What Happens to Indian's Tax Money after Payment?

. 6 min read
What Happens to Indian's Tax Money after Payment?

How Does Government Use The Tax Money In India?

  • The day-to-day expenses of every nation are entirely reliant upon the taxpayers of the country.
  • From national security like the salaries of army and navy professionals to the public health and infrastructure is funded using the money received from the taxes of the country’s citizens.
  • Every amount paid in the form of tax becomes income for any government.
  • They use them to purchase commodities and services and to pay their employees.
  • When we consider the main areas of government expenses, it majorly shows spending on public health, defense, police, infrastructure, and judiciary.
  • Additionally, it is interesting to note that more than 23% of the government income goes entirely for paying interests.
  • It forms about one-quarter of their total revenue.
  • If we speak generally, the temporary and permanent payments made by the government use the taxpayer’s money.
  • The recurring or permanent payments are the salaries of government employees.
  • On the other hand, non-recurring or temporary expenses are done occasionally for creating long-term assets for the country.
  • The money in this section helps in constructing roads, railways, colleges, schools, and bridges, which are responsible for increasing the convenience of citizens.
  • If done in the right manner, these assets could increase the value of any nation in the international markets.
  • Non-recurring expenses are also known as CAPEX (Capital Expense).
  • Every growing economy majorly focuses on CAPEX.
  • For getting a better understanding of the money paid by the taxpayer, keep reading the following sections of the article.

Sources of Revenue for the Union Budget

  • It is the prime responsibility of every incumbent government to announce an annual union budget in the parliament.
  • Every year, the finance minister declares the expenses in the coming financial year.
  • In this budget session, the finance minister also mentions the sources of government revenue (receipts).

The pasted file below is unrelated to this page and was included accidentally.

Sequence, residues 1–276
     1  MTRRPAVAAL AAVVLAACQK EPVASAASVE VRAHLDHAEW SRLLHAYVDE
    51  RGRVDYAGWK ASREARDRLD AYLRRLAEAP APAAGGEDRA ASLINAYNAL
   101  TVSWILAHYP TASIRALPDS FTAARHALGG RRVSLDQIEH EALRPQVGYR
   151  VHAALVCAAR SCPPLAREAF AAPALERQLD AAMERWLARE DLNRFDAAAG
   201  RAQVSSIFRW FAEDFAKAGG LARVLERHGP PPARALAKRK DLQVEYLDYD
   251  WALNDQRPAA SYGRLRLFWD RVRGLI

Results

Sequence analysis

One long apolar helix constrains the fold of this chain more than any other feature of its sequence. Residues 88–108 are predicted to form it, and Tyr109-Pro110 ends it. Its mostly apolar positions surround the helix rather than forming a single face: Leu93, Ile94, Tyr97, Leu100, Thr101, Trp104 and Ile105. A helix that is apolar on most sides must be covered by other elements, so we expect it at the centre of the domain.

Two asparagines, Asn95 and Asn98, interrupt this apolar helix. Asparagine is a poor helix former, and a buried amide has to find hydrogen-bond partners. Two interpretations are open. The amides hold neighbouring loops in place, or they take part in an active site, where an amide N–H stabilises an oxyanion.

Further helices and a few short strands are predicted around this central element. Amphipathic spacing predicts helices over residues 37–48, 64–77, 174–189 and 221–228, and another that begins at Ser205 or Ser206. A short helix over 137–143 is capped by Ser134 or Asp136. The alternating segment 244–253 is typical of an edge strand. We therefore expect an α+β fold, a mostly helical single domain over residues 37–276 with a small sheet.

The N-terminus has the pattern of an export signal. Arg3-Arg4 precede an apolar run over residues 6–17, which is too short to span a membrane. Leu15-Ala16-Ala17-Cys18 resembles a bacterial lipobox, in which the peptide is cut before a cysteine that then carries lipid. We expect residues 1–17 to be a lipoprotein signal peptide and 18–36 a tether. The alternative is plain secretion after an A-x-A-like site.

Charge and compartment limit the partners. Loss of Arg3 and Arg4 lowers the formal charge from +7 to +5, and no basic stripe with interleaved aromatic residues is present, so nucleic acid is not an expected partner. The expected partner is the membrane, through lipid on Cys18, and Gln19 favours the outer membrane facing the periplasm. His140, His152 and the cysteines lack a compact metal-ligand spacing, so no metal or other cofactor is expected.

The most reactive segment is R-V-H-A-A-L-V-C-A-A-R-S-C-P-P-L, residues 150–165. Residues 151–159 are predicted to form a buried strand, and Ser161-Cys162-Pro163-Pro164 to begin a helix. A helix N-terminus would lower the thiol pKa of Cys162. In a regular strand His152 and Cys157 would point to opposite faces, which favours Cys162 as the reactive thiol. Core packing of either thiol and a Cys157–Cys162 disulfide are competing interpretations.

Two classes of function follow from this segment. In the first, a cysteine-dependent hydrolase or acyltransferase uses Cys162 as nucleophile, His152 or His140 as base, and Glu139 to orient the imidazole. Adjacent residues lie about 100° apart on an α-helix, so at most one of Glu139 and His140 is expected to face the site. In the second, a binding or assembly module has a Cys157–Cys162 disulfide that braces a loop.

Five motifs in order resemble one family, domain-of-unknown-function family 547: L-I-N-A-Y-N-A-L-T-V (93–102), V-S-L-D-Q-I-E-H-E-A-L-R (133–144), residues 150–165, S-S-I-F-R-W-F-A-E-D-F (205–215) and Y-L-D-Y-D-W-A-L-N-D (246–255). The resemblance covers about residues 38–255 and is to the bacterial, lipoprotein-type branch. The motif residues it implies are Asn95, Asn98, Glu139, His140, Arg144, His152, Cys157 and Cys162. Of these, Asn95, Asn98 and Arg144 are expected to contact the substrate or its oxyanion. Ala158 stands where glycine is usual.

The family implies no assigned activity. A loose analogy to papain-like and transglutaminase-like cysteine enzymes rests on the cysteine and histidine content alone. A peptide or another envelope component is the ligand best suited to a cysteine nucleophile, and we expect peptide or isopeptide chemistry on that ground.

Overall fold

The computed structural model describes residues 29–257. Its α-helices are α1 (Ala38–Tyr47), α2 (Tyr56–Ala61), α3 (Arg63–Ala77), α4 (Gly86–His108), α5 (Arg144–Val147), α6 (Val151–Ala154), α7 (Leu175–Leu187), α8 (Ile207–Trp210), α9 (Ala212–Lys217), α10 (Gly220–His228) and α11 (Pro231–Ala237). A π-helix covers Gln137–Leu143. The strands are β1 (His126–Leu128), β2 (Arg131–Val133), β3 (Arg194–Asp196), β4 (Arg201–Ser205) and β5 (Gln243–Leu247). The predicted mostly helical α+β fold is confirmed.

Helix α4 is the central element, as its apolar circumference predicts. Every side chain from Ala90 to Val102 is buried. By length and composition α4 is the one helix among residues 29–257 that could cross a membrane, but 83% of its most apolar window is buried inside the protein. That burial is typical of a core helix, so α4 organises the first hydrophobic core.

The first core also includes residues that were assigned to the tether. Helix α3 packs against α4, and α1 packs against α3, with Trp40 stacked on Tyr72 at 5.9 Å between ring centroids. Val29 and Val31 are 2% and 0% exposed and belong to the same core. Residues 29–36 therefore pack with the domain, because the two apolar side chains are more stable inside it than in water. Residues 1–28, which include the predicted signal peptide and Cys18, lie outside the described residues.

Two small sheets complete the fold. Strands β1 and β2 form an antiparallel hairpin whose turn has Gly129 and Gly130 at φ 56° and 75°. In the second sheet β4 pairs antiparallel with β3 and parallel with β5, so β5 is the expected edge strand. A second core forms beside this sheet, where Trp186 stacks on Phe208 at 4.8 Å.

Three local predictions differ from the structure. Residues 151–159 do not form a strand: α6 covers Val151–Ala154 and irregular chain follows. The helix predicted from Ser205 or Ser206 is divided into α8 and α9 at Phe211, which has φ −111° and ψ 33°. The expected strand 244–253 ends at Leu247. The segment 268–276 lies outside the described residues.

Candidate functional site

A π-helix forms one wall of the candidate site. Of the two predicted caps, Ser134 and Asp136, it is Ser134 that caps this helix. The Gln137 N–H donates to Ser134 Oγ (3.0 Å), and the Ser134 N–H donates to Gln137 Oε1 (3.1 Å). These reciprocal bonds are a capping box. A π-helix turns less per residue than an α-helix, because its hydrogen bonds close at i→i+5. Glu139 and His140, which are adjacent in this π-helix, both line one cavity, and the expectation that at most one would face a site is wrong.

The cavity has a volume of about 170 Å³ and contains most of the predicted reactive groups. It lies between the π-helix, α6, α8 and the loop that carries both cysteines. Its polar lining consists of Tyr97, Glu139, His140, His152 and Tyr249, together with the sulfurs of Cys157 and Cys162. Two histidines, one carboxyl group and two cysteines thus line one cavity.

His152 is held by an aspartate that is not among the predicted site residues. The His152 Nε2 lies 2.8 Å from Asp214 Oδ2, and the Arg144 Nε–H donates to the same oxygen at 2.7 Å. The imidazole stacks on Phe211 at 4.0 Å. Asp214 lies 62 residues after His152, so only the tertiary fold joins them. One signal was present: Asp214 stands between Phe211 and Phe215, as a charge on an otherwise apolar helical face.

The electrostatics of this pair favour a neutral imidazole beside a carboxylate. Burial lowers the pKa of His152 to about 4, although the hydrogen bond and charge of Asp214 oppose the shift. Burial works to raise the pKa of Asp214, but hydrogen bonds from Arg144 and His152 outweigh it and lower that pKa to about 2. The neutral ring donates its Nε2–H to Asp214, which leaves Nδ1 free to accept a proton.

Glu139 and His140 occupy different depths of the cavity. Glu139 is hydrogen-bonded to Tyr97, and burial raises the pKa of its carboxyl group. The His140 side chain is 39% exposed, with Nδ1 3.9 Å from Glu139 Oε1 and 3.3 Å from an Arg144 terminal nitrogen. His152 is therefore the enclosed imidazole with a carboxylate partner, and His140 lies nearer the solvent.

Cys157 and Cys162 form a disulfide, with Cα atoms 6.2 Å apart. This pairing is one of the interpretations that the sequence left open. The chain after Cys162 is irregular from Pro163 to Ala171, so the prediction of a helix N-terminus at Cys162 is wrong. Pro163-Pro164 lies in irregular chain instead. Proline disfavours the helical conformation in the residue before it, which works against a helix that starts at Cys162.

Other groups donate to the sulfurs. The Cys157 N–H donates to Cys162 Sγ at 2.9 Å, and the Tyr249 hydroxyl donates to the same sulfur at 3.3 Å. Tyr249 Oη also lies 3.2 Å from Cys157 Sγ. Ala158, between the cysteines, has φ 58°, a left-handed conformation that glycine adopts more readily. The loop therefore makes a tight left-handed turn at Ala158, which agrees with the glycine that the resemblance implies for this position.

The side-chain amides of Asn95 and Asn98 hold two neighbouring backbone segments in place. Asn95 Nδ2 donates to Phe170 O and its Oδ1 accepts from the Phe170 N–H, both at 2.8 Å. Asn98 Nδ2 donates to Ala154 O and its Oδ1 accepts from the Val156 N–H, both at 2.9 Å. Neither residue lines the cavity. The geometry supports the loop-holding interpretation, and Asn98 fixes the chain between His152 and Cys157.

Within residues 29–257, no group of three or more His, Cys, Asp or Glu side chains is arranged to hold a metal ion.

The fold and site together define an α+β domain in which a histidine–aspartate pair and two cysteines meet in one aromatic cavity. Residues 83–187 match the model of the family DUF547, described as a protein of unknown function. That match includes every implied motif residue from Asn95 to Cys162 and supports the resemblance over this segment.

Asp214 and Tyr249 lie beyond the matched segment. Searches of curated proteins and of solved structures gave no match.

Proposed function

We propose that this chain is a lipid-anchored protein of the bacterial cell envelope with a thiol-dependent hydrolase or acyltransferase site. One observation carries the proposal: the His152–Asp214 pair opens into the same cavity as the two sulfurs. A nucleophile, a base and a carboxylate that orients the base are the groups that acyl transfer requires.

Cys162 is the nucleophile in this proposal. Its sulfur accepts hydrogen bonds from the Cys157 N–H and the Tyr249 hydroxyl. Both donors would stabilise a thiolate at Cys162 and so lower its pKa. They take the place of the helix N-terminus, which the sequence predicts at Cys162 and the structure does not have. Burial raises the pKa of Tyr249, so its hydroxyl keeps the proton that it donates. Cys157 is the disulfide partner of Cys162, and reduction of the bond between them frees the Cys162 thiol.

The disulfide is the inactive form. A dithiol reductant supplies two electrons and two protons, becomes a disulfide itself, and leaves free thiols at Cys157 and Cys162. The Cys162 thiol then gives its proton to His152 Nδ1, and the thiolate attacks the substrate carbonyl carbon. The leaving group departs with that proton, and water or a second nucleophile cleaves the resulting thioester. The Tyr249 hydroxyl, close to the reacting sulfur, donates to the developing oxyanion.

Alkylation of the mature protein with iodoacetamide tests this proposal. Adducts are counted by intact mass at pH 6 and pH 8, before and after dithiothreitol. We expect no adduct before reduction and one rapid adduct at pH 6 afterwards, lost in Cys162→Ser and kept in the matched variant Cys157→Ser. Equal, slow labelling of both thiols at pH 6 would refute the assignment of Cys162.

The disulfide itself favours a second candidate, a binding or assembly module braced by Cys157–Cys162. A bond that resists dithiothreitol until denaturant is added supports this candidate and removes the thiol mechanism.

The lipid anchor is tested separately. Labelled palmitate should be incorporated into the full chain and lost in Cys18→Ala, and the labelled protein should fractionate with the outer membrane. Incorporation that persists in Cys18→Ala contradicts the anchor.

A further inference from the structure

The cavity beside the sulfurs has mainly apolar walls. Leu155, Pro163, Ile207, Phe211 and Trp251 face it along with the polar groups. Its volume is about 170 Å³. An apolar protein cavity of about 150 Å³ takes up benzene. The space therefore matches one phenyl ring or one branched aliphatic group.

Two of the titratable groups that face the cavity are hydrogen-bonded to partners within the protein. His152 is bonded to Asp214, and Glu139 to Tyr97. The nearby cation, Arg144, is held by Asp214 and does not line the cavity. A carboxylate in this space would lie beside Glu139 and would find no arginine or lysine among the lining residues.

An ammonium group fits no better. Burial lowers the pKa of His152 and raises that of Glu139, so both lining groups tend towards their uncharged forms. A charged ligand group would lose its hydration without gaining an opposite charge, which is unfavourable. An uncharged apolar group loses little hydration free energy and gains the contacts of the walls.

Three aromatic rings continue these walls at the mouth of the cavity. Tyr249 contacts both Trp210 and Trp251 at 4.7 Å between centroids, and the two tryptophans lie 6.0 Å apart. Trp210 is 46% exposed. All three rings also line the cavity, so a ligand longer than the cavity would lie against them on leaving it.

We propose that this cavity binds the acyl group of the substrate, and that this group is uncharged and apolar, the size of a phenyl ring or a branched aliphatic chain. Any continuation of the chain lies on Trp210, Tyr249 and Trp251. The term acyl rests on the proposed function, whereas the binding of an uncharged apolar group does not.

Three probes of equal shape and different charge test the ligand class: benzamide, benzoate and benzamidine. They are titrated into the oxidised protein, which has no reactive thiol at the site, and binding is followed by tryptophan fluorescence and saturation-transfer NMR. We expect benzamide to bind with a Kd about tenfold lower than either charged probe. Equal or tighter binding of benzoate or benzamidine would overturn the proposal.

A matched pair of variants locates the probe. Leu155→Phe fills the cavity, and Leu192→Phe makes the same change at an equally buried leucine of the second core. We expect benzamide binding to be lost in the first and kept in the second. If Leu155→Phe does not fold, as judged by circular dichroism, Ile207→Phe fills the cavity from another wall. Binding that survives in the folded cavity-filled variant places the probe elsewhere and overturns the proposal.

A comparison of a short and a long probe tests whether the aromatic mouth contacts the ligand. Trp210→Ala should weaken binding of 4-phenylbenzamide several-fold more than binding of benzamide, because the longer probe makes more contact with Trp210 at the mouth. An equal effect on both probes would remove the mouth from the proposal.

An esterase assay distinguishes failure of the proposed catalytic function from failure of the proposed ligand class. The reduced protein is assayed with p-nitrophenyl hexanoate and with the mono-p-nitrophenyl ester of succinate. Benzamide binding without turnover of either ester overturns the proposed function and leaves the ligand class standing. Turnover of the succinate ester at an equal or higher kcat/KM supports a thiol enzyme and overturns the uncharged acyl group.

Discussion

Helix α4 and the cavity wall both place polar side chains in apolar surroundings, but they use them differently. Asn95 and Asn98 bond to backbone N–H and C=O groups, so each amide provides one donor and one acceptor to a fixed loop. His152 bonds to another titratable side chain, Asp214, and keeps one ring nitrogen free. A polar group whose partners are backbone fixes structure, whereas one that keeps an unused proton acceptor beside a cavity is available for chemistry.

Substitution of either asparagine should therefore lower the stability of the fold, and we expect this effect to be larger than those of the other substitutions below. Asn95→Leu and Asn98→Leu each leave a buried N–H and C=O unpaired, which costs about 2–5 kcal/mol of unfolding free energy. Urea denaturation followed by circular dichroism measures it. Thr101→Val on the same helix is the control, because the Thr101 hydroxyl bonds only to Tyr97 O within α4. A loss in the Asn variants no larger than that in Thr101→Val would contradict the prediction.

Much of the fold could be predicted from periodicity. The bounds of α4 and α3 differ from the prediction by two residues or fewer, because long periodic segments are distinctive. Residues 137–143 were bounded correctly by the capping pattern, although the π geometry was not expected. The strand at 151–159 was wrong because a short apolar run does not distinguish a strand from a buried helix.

• In the union budget session, every expense and the income of the government is declared by the finance minister.
  • This process is similar to that of private companies.
  • They declare their income and expenditure in the form of P&L accounts, whereas, the government calls this declaration session the union budget.
  • The Government of India takes the opportunity of declaring the expected total revenue of the country in the union budget for the coming financial year.
  • Capital receipts, Non-tax receipts, and tax receipts are the major categories of revenue receipts.
  • If we sit to notice the source of the government income, we will know that the taxpayer’s money is not the only source of income of the country.
  • The taxpayer’s money generates only 53.77% of government revenue.
  • Capital Receipts are responsible for contributing 33.57% to the revenue of the country, and the non-tax revenue generates 12.66% of the total revenue share.
  1. People who believe that the citizen’s money is only responsible for paying the government are highly mistaken.
  2. In the form of capital receipts and non-tax revenue, the government receives almost 50% of its income.
  3. These types of revenue are explained in the following list.

Tax Revenue

Corporation tax, income tax, customs, and GST are included in the category of Tax Revenue.

Capital Receipts

Debt, disinvestments, and the amount collected from the recovery of loans are directly received in the form of income by the country’s government.

Non-Tax Revenue

  • Interests and dividends are another small contributors to the country’s revenue in the form of non-tax revenue.
  • They are the second major contributor to the total revenue.

Break-up of Revenue

  1. The citizens of a country are responsible for paying taxes to the Government of India in the form of Wealth-tax, income tax, excise duties, service tax, customs, and GST.
  2. On the contrary, the taxes paid by private companies in the country are listed as the corporation tax.
  3. Any form of indirect taxation is never imposed directly on an individual’s income.
  4. It is the direct tax that is responsible for directly being deducted from the income of an individual.
  5. If we analyse the total amount received by the government in the form of income, we will get to know certain important facts as listed below.

Income Tax

  • The Government of India receives about 21% of its income from the income tax collected from individuals.
  • This money paid by the taxpayers is a type of direct tax that is directly collected from freelancers, professionals, HUFs, and individuals.
  • This forms a small part of the government’s income.